• Half a Man

    by Michael Morpurgo, illustrated by Gemma O’Callaghan

    From the author of War Horse comes a touching story of a young boy and his grandfather. Michael doesn’t understand his taciturn and physically scarred grandfather, but during a summer together on the Isles of Sicily, he learns to see the man behind the scars as the two navigate the waters of the island and their own emotional terrain.

  • Echo

    by Pam Muñoz Ryan

    A fairy tale blends with modern day characters in this masterful new novel from the author of Esperanza Rising. The book begins with Otto, who meets three sisters and is caught in their prophecy, at the center of which is a harmonica. As the instrument travels through the ages, the story ensnares all who come in its path. This book weaves together fantasy, music, and unforgettable characters, bringing individual stories together in the final pages in a way both unexpected and magical.

  • Story Thieves

    by James Riley

    School is usually pretty dull for Owen, until one day he sees a classmate climbing out of a book. Turns out, Owen’s friend Bethany is half fictional and is jumping in and out of books to find her father who happens to be completely fictional. Owen does what any self-respecting boy would do with this information — he blackmails Bethany into taking him into his favorite series. Which turns out to be far more complicated than Owen ever imagined.

  • The Keepers: The Box and the Dragonfly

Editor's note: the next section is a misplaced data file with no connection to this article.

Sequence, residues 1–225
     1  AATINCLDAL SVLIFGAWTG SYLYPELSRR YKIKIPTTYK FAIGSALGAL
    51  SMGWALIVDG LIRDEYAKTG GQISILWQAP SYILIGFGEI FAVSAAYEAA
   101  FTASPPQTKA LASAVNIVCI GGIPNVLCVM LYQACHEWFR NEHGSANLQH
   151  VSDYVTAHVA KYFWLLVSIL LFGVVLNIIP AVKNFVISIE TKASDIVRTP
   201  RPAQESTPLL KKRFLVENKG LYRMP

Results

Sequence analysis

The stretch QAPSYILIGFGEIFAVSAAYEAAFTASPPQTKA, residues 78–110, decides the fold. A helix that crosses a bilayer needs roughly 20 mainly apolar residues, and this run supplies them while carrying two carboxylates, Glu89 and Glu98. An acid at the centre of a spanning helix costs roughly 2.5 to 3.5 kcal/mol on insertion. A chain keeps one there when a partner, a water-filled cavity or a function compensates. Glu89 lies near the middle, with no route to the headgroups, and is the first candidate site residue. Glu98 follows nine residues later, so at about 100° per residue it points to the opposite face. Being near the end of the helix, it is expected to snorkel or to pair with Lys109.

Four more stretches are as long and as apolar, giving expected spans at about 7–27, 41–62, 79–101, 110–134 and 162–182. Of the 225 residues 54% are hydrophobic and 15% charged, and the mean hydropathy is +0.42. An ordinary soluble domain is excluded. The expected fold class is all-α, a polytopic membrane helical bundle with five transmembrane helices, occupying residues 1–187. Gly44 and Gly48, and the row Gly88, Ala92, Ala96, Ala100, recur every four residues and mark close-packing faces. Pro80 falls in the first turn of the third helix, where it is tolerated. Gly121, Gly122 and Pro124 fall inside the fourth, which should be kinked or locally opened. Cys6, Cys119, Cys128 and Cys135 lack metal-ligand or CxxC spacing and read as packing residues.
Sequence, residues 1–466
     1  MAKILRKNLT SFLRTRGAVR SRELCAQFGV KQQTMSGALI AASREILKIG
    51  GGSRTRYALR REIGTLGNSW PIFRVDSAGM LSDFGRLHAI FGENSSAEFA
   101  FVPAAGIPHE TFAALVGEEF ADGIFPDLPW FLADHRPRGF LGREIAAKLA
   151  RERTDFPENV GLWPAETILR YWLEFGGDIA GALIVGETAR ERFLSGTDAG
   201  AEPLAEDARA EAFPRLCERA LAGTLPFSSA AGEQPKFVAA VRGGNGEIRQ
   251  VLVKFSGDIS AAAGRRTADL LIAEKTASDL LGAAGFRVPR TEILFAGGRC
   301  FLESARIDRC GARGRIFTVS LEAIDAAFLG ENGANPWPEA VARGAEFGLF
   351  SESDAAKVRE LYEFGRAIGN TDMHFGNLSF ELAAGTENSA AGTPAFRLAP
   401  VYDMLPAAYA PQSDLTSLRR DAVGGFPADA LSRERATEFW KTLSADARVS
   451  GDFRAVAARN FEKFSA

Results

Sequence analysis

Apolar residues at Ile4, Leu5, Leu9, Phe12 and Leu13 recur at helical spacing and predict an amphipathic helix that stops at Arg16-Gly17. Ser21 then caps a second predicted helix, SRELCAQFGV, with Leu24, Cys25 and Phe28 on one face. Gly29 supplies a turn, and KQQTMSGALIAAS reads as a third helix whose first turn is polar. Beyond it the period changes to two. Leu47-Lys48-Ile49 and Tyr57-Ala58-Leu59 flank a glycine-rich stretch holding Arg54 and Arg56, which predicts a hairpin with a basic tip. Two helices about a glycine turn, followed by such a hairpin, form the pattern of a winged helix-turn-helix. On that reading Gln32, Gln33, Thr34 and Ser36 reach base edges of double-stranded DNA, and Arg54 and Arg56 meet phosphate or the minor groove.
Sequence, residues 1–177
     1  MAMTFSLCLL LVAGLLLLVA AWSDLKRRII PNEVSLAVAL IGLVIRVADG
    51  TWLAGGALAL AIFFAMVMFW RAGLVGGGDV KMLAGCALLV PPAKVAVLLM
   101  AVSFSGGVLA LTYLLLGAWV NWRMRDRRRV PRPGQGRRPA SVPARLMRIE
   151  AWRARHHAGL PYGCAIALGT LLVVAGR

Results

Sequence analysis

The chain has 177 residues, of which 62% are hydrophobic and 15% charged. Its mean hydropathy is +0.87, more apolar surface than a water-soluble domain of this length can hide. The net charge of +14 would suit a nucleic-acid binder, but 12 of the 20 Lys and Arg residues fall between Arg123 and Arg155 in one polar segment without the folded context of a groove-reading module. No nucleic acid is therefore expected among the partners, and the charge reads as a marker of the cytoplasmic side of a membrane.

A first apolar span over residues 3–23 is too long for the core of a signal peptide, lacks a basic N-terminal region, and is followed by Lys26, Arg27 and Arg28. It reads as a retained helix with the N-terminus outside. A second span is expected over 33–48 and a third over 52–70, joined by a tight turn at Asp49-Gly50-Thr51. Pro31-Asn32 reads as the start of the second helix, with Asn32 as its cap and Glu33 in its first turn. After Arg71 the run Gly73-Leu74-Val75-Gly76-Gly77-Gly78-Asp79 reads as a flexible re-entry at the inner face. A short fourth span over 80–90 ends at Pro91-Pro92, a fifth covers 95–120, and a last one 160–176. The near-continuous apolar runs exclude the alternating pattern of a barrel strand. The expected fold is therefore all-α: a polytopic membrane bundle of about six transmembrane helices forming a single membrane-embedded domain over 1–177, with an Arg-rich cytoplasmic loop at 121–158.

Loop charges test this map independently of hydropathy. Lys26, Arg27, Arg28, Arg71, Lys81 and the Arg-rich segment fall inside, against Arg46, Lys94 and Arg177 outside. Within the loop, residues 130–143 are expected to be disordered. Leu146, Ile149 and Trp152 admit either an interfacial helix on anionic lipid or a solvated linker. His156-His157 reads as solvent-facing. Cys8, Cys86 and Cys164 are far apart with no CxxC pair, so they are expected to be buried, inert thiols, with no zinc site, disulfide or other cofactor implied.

by Ted Sanders, illustrated by Iacopo Bruno

    My bus rides are never very interesting. Which is usually the case for Horace F. Andrews, too. But one day, Horace notices a sign with his own name on it from the bus window and things suddenly get very, very interesting. The sign leads Horace to the House of Answers, and he is drawn into a world of intrigue and adventure unlike anything he had ever imagined. With a dash of physics and plenty of magic, this is a perfect summer page-turner.

  • Shivers!: The Pirate Who’s Afraid of Everything

    by Annabeth Bondor-Stone and Connor White, illustrated by Anthony Holden

    If you have a pirate lover in your home, he or she needs to meet Shivers, the unlikeliest and scarediest pirate who ever lived. Full of laughter, giant squid, and a loyal fishmate, this book will change how you look at buccaneers forever.

  • The Honest Truth

    by Dan Gemeinhart

    Mark is a normal kid with a dog and friends and big dreams. Mark, however, has cancer, and he’s not going to make it. So Mark decides to run away. Taking only the things most important to him — his dog, a camera, and a notebook — Mark heads off to climb Mount Rainier. In a sea of dystopia and fantasy, The Honest Truth stands out as a book about the world we live in, the choices we make, and the things we lose and gain along the way.

Comments
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  • Carol Gilreath

    Awesome book selections. I would add George Knows by Mindy Mymudes to the list. It’s an excellent book for this age group.